Opinion

Pelosi's conflict of interest in natural gas bill

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There aren't many things in the fields of energy and environment on which Democrats and Republicans agree, but manipulating the U.S. tax code to make money apparently is one of them. How else to explain the unlikely partnership between oilman T. Boone Pickens, former Reagan cabinet officials James C. Miller III and John S. Herrington, and House Minority Leader Nancy Pelosi? Pickens, Miller and Herrington are on the board of directors of the Clean Energy Fuels Corp., while Pelosi owns stock in the company worth $50,000 to $100,000. Clean Energy Fuels Corp. stands to be the biggest beneficiary of passage of the Nat Gas Act now before Congress.

The Nat Gas Act provides tax credits to manufacturers and owners of trucks and other vehicles if they use natural gas as their principal fuel. The bill also provides hefty tax credits for service station owners to buy and install natural gas fueling equipment and extends for five years the current 50-cents-per-gallon tax credit at the pump for buyers of natural gas. Proponents of the Nat Gas Act claim its provisions would cost taxpayers no more than $5 billion, but, as the Wall Street Journal recently pointed out, the actual total could easily be nearer $100 billion. Either way, Clean Energy Fuels Corp. would be enriched immensely by the cash flow generated merely by changing the federal tax code to encourage more widespread use of natural gas as a transportation fuel.

So what's not to like about that? Two things. First, Pickens and his partners claim the environment would benefit greatly by converting all those big rigs on the interstate highways from dirty diesel to clean-burning natural gas. But since natural gas has not previously been in wide use in this country as a transportation fuel, a conversion period to create the infrastructure to support it is required. Clean Energy Fuels Corp. specializes in both vehicle conversation and station equipment. Nat Gas supporters claim the tax benefits are temporary. Critics note that such tax credits, like federal agencies, are the nearest thing to eternal life anybody is ever likely to see on this earth.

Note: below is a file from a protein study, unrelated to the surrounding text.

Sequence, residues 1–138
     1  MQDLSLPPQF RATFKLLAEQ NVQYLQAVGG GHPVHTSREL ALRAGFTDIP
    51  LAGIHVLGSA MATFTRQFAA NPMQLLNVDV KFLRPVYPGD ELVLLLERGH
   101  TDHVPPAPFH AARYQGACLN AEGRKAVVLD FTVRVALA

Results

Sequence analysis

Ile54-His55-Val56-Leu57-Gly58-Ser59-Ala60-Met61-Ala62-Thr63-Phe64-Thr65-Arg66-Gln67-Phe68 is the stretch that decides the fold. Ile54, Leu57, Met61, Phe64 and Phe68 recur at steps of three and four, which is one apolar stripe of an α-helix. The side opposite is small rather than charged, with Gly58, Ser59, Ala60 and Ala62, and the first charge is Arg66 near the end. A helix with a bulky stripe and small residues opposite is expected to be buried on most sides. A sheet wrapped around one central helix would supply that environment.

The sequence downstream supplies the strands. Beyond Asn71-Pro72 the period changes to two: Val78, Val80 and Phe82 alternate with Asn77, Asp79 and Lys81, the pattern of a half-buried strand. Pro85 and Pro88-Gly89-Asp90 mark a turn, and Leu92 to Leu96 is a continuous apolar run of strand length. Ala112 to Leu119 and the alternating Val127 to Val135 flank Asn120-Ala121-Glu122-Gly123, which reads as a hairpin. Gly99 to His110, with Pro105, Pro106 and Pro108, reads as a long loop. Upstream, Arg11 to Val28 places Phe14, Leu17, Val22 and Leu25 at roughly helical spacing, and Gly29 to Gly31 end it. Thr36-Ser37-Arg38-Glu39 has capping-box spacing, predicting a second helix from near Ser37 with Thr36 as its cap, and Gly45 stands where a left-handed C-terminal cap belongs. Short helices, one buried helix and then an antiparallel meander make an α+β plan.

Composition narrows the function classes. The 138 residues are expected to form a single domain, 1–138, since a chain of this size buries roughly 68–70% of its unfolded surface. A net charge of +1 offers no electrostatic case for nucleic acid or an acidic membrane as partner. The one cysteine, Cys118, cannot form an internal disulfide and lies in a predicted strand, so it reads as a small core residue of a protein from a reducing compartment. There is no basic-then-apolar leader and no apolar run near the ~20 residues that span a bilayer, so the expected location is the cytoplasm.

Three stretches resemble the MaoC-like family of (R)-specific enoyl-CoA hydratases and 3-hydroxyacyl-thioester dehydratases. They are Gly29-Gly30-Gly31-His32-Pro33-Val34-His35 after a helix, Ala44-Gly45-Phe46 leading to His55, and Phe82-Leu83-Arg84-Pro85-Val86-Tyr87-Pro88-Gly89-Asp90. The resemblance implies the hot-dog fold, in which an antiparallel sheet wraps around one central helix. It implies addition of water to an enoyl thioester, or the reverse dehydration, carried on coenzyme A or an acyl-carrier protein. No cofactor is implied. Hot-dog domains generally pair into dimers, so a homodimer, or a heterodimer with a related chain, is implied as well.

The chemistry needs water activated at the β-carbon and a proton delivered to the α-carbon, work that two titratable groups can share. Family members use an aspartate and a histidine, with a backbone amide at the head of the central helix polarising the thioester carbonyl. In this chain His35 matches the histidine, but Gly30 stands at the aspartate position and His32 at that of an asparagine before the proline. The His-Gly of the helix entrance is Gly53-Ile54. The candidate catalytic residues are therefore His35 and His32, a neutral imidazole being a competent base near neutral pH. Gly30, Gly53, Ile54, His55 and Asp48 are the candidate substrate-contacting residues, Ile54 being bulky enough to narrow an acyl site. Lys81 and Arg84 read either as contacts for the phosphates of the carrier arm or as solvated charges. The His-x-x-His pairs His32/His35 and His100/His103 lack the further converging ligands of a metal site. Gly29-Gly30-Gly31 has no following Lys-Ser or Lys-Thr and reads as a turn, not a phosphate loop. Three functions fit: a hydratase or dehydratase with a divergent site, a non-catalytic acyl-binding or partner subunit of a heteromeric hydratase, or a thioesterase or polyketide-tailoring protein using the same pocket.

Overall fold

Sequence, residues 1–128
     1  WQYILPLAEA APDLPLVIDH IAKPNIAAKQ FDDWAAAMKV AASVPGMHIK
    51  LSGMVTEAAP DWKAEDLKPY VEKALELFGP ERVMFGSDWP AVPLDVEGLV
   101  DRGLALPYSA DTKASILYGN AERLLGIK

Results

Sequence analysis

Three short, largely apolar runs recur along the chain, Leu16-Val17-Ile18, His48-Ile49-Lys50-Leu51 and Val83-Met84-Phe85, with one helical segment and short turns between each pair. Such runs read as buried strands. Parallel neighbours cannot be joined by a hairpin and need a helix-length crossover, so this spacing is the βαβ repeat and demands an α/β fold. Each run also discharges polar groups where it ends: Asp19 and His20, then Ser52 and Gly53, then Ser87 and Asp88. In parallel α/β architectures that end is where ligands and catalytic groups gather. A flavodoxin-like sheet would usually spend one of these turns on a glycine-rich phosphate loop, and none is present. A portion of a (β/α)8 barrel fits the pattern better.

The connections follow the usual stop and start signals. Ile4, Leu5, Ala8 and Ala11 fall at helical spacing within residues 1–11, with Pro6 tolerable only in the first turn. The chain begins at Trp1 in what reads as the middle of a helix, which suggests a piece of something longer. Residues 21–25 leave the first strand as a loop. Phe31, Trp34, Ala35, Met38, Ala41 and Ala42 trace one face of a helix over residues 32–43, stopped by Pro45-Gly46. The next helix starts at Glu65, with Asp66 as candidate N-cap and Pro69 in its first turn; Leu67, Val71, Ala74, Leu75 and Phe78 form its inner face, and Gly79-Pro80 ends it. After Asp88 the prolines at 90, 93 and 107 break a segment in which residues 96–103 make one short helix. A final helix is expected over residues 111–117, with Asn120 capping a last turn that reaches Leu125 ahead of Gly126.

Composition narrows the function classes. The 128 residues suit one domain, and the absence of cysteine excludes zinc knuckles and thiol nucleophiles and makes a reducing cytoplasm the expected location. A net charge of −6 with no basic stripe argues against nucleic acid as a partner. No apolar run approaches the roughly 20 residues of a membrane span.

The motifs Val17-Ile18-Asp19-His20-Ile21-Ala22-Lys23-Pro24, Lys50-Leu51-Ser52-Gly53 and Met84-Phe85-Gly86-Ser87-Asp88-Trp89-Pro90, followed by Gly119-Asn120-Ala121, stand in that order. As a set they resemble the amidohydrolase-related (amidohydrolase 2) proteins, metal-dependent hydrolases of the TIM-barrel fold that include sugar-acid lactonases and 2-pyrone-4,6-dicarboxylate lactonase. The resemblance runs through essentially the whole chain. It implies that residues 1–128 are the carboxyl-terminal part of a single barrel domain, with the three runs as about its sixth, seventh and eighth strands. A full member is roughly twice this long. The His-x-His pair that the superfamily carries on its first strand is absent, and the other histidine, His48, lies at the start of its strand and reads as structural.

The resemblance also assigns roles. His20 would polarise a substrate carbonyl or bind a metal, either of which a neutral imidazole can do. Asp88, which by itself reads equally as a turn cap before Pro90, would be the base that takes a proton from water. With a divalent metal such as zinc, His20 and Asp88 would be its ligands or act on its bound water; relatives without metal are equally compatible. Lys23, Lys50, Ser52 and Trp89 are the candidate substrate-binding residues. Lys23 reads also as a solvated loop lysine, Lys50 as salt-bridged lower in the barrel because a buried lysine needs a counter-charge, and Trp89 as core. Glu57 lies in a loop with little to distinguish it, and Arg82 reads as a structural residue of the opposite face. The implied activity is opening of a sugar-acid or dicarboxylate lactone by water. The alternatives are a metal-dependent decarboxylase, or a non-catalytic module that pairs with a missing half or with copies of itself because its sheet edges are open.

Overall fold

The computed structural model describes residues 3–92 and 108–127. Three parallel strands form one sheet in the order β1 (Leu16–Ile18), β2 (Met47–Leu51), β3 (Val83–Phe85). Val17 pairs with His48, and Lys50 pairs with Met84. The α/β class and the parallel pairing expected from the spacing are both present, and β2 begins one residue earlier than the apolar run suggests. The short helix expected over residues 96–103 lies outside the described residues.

Second, taxpayers should look askance at any measure that puts money in the pockets of Pelosi or any other lawmaker who owns stock in Clean Energy Fuels Corp. because it is impossible to know whether their advocacy is grounded in facts and logic or the effect its passage would have on their checkbooks and stock portfolios. It is true that Pelosi's ownership of a substantial interest in Clean Energy Fuels Corp. is a matter of public record because she disclosed it on her financial disclosure report. But that merely underscores the problem -- she has a fundamental conflict of interest on the Nat Gas Act that ought to disqualify her from speaking on its behalf or casting a vote on it on the House floor. Senators and representatives who are serious about cleaning up Washington should seize on this blatant conflict of interest to demand recusal by Pelosi and any other member who own stocks or other interests in firms that would materially benefit from legislation before Congress.

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